Studer said there is promise with a new line of stem cells called “induced pluripotent stem (iPS) cells.” These cells are “reprogrammed” adult cells, derived from skin or blood cells, that mimic embryonic stem cells.
In 2009, Pence cited these cells as a way to avoid using embryonic stem cells. “These altered cells are known as induced pluripotent stem (iPS) cells, and unlike embryonic stem cells, iPS cells do not require the destruction of human eggs or embryos,” Pence wrote in the essay. “These reprogrammed cells have equal or greater potential to heal unhealthy tissue or combat disease in human organs.”
However, the NIH reports "it is not known if iPSCs and embryonic stem cells differ in clinically significant ways."
“The process of making your skin or blood cells into iPS cells, it's a pretty crazy process. You have to put in four genes, and at the end, you get something similar,” Studer, who uses iPS cells in research, explained. “At the end, there's a concern that... it may not be completely safe” for clinical use. He noted that there is not as much evidence these iPS cells -- first discovered in 2007 -- are as safe to use in experimental treatments in humans as embryonic stem cells, which have been studied for decades.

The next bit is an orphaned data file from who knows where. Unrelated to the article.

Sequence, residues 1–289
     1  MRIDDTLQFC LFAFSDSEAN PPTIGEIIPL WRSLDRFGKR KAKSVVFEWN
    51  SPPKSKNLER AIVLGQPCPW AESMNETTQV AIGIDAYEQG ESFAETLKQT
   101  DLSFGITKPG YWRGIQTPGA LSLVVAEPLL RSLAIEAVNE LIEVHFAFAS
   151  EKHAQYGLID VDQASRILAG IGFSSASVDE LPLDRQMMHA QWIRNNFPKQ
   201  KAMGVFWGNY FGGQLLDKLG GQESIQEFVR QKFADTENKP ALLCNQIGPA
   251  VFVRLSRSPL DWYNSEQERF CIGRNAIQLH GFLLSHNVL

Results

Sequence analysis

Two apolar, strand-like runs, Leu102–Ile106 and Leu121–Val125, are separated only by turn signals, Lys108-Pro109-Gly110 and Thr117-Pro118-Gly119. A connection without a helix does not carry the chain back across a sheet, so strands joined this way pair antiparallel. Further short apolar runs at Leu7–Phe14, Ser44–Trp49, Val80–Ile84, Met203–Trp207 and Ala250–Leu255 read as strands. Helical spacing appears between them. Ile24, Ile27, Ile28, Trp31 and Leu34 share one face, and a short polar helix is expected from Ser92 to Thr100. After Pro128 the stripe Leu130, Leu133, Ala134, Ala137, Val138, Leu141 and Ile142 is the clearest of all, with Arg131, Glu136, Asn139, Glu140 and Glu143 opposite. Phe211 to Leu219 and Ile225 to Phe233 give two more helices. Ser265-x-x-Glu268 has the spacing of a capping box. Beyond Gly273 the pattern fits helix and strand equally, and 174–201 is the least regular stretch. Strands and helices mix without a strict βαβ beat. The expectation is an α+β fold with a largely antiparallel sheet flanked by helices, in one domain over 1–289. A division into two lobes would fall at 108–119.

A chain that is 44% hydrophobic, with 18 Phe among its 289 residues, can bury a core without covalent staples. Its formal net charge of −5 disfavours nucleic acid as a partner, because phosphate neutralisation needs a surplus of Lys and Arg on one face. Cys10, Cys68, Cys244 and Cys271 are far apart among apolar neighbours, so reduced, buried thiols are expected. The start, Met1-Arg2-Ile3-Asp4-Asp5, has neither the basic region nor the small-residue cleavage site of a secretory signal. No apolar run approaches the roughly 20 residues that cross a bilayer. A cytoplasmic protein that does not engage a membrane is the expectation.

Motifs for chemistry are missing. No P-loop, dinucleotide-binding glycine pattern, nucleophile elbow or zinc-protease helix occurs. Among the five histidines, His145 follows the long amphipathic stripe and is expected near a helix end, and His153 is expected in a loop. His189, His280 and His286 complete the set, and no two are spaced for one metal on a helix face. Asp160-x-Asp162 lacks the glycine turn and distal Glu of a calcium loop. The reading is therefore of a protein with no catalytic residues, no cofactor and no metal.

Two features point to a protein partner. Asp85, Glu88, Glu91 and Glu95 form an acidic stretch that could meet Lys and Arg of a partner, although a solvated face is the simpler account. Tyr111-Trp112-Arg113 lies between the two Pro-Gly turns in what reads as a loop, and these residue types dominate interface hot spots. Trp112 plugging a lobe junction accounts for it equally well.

Charo said the way researchers find out if these cells are effective “is by comparing them to what embryonic stem cells can do, that will be an important thing to keep in mind.”
Charo said in addition to access to funds for stem cell research, one area of concern is that research using fetal tissue will also be curtailed. Fetal tissue has been used since the 1920s by researchers to study a host of conditions, including vaccine efficacy, transplantation complications and other neurological disorders. In the 1950s, the NIH started to fund research that involved using fetal tissue.
Earlier this year, four states, including Indiana, where Pence is currently governor, passed legislation that banned the donation of fetal tissue for research, according to the Guttmacher Institute. The Indiana law signed by Pence also required abortion providers to cremate or dispose of the fetal tissue rather than give the tissue to medical researchers. The laws were passed after video emerged that incorrectly indicated abortion providers from Planned Parenthood were illegally selling fetal tissue for a profit.
“We already have ongoing clinical trials for things like serious neurological [diseases] like MS,” said Charo. “It's been so much more difficult to get this tissue ... because the atmosphere has gotten really chilling.”
This summer, the Indiana law was suspended by a judge a day before it was set to be enacted. It currently remains suspended.